International Hemp Joins Research And Development Initiative

A United States industrial hemp seed distributor has joined a collaborative research and development initiative.

On Wednesday, Denver, Colorado-based International Hemp announced it had joined the Hemp Research Consortium (HRC).

Funded by the Foundation for Food and Agriculture Research (FFAR), HRC is a multi-year, multi-million-dollar initiative to develop new hemp fiber and grain cultivars.

Cornell University, North Carolina State University, and the University of Kentucky have also joined HRC.

Advancing Hemp Research

According to a press release, HRC will advance hemp cultivation and agronomy research in addition to developing and commercializing U.S.-bred industrial cultivars.

Cornell University has been researching hemp and working with the United States Department of Agriculture’s (USDA) Agricultural Research Service since 2016.

Together, they launched an industrial hemp germplasm repository at Cornell AgriTech in Geneva, New York.

According to the release, Cornell researchers have studied the role genetics play in determining THC levels in hemp and developed molecular markers to speed-up hemp breeding.

Researchers have used the markers to develop new fiber and grain cultivars for the final testing stages.

Through HRC, Cornell and International Hemp will work together to breed new hemp fiber and grain cultivars.

“We have some of the highest-yielding fiber and grain varieties for northern latitudes, and we recently started domestic certified seed production on two Italian fiber varieties for fiber growers in the southern United States,” says International Hemp CEO Derek Montgomery. “The U.S. hemp market needs high-yielding, certified varieties for fiber and grain, and we want to send the message that reliable, high-yielding, stable industrial hemp varieties bred by leading American universities are on the way.”

International Hemp says it was the United States’ largest producer of industrial hemp seed in 2021 under the Association of Official Seed Certifying Agencies’ (AOSCA) guidelines.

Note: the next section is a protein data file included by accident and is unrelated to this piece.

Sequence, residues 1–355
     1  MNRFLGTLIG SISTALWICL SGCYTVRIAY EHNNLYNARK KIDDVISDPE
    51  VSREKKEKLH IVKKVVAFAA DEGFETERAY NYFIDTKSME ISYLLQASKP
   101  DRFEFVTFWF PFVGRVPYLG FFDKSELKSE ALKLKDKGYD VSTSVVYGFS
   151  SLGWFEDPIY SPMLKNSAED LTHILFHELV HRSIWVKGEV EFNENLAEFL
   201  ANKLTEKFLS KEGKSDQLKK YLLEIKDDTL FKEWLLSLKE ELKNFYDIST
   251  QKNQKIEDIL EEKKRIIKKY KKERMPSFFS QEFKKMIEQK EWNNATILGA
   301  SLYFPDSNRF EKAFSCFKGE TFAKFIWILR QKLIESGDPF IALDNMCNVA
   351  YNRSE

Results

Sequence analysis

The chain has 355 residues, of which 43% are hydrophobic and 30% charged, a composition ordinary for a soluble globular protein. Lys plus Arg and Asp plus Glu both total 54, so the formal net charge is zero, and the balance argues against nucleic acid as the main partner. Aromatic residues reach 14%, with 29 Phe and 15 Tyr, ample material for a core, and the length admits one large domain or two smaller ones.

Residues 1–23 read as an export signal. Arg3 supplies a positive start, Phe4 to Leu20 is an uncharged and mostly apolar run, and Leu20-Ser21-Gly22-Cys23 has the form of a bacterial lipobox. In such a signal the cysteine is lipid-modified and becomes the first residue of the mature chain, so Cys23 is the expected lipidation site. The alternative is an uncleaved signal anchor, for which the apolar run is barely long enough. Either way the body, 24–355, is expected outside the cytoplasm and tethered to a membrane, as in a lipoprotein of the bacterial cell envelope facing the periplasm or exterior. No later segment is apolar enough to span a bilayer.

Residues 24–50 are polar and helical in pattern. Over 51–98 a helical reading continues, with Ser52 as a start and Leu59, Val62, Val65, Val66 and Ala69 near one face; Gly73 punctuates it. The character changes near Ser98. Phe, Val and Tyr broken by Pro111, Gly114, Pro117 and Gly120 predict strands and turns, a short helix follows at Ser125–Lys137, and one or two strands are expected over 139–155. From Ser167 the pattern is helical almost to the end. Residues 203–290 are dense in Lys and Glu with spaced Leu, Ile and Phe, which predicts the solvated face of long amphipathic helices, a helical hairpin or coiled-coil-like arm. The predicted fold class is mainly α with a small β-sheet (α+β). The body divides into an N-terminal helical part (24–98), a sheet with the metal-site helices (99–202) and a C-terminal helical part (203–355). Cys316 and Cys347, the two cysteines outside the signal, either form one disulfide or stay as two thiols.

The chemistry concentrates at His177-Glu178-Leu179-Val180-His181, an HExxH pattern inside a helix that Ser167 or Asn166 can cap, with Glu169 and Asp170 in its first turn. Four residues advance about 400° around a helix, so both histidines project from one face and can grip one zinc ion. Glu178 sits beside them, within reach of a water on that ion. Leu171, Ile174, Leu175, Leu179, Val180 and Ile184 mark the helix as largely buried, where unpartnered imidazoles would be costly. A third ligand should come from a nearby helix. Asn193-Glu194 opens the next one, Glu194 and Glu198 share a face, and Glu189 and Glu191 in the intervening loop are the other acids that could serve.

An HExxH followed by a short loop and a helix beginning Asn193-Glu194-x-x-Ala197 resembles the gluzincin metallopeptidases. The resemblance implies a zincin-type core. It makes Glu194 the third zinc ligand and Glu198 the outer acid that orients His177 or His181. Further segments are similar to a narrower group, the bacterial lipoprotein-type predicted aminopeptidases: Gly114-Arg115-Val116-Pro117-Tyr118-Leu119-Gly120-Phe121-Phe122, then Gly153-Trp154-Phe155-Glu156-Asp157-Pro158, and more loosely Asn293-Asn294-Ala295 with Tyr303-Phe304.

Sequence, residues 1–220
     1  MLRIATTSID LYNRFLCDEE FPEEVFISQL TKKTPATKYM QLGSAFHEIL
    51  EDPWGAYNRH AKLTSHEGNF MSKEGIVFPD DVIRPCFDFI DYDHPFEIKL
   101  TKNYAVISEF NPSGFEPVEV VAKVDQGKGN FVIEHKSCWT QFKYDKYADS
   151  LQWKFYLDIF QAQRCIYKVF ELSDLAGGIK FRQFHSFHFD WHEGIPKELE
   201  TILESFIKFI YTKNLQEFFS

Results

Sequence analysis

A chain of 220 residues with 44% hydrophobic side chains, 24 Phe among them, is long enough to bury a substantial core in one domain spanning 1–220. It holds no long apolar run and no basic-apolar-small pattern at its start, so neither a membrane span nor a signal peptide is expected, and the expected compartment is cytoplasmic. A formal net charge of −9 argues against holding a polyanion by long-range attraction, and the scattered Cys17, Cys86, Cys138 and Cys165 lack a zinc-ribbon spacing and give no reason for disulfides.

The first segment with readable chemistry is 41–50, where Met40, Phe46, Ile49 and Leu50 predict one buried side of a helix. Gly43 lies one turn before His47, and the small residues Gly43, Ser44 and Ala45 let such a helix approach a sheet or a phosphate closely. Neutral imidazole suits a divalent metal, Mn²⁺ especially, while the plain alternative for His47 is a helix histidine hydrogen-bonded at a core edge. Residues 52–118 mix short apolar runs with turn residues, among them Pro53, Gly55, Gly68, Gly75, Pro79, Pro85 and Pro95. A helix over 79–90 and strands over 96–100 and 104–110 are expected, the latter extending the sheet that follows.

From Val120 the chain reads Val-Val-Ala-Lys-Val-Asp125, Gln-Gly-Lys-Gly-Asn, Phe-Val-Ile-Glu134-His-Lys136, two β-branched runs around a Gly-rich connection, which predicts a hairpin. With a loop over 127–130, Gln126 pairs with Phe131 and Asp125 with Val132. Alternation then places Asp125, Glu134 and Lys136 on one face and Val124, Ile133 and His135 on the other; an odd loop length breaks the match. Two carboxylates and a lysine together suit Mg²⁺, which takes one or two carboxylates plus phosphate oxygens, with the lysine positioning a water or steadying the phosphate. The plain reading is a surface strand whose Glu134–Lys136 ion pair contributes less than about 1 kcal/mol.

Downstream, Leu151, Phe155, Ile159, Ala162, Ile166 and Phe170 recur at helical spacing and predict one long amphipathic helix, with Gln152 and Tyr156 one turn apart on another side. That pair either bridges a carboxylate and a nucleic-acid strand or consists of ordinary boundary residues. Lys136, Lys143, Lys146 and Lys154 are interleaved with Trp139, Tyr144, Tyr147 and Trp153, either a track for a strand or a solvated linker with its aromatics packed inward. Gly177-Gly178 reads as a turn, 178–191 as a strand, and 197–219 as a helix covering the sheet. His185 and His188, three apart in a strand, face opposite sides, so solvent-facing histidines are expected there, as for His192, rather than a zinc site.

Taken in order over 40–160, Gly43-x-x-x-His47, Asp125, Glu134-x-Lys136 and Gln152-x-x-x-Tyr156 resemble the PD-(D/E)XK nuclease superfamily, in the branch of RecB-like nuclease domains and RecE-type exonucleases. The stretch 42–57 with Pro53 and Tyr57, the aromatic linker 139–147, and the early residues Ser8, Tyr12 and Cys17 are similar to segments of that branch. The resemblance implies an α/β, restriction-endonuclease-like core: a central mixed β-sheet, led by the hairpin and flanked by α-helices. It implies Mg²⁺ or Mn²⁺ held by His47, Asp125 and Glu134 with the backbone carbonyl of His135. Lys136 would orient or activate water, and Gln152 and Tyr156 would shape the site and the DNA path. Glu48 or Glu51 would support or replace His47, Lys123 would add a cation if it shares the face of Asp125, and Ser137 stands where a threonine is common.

Research Goals

The company says it has supplied the nation’s hemp growers with enough certified seed to plan tens of thousands of acres for fiber and grain production.

According to the release, the material will serve as feedstock in the market development of hemp as a nutritious, plant-based protein ingredient and renewable building material.

International Hemp plans to dramatically increase domestic production in summer 2022, moving all of its certified seed production from Europe to North America.

Over a three-year period, International Hemp will contribute $1 million to the FFAR HRC.

The release states that FFAR will match International Hemp’s contributions and dispense $2 million in research grants to university members.

Research priorities include developing new hemp fiber and grain cultivars, improving harvesting techniques, and managing plant pests and diseases.

Cornell School of Integrative Plant Science professor Dr. Larry Smart, who has led the university’s hemp research and extension team, expressed his enthusiasm about collaborating with International Hemp.

“We couldn’t ask for a more committed, long-term partner in bringing our new fiber and grain cultivars to market for U.S. farmers,” says Dr. Smart.

HRC plans to research, publish, and share proper planting dates, soil fertility, harvesting efficiency, sustainable pest management, and improved testing technologies with the hemp cultivation community.